4. Taking care of one’s health – all aspects – spiritual, physical, emotional, cognitive and social
5. Prioritizing (it’s true what they say that no one has a thousand things to do. Everyone has only two things to do – make a list of priorities, and do the next most important thing on the list).
6. Maintaining social relationships one can count on.
7. Having a good sense for what is worthwhile and meaningful at work, and playing to one’s strengths and natural inclinations.
8. As the last resort, moving to a new work environment and starting all over.
For obvious reasons, having a healthy lifestyle at an individual physician-level is necessary but not sufficient. The November 5, 2016 issue of Lancet featured physician burnout as its major theme. Colin P. West and colleagues conducted a systematic literature review and found that interventions to reduce burnout resulted in reduction of overall burnout from 54% to 44%, high emotional exhaustion from 38% to 24%, and high depersonalization from 38% to 34% among participating physicians. Both individual-focused and structural or organizational strategies can result in clinically meaningful reductions in burnout among physicians. They concluded that further research is needed to establish which interventions are most eﬀective in speciﬁc populations, as well as how individual and organizational solutions might be combined to deliver even greater improvements in physician wellbeing than those achieved with individual solutions. The editorial for this paper notes that we cannot risk taking a dichotomous approach – an individual and a systems approach, as there may be institutional practices that can predispose to physician burnout. For example, large organizations have anti-bullying policies in place. All programs to reduce burnout share the initial step of enhancement of awareness. Ronald M Epstein and Michael R Privitera in their commentary note that burnout is not an acute self-limited illness and it has an uncertain prognosis. They note that although physicians tend to name external causes like productivity pressures and loss of control, psychological factors need to be given adequate attention. Most importantly, they say we should not wait for perfect understanding before acting because too much is at stake.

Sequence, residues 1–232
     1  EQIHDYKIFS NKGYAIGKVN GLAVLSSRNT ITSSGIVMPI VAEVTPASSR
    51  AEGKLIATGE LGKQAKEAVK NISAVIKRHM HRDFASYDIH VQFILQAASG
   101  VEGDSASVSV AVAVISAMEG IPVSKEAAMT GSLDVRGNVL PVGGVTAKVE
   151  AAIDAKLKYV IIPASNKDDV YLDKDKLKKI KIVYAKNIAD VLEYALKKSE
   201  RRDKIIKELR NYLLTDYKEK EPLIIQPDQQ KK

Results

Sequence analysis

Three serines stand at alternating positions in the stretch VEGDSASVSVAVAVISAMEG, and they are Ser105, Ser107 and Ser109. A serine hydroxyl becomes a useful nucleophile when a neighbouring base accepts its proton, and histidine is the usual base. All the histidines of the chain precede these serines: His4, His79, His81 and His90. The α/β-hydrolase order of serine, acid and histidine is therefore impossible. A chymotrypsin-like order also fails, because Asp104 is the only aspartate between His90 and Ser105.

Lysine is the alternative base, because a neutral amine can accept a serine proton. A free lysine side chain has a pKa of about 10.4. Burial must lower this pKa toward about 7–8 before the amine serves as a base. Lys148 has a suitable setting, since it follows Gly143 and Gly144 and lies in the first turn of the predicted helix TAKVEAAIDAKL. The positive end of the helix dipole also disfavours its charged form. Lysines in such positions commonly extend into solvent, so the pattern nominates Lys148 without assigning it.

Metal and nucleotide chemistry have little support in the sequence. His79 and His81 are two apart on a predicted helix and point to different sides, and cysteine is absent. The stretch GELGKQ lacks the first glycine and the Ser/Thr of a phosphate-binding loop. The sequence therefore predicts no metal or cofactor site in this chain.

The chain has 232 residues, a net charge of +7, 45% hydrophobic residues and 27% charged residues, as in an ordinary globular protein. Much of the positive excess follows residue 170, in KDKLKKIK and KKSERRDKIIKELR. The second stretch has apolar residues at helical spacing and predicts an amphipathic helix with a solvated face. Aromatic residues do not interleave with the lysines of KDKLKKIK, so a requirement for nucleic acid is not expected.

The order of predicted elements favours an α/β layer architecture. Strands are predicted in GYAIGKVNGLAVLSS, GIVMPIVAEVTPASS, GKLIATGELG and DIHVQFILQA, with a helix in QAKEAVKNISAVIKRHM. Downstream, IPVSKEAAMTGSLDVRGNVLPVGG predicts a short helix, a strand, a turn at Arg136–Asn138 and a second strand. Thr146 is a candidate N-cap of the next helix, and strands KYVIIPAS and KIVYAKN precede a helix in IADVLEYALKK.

Phyllis Marie Jensen and colleagues in their paper on building physician resilience identified four main aspects of physician resilience: 1) attitudes and perspectives, which include valuing the physician role, maintaining interest, developing self-awareness, and accepting personal limitations; 2) balance and prioritization, which include setting limits, taking effective approaches to continuing professional development, and honoring the self; 3) practice management style, which includes sound business management, having good staff, and using effective practice arrangements; and 4) supportive relations, which include positive personal relationships, effective professional relationships, and good communication.
I’ll conclude my summary of the topic by saying that a question that I started asking my team at the beginning of rounds was very well received. “How are you doing on your wellness score today? What have you done in the last 24 hours for your wellness?” One fellow said she now lists ‘something for my wellness’ on her to-do list for the day. Healthcare organizations are on the hook for addressing this burning platform issue!
Here are some helpful links and articles:
4. Interventions to prevent and reduce physician burnout: a systematic review and meta-analysis. Colin P West, Liselotte N Dyrbye, Patricia J Erwin, and Tait D Shanafelt. Lancet 2016; 388: 2272–81.
5. Jensen P et al. Building physician resilience. http://europepmc.org/articles/PMC2377221/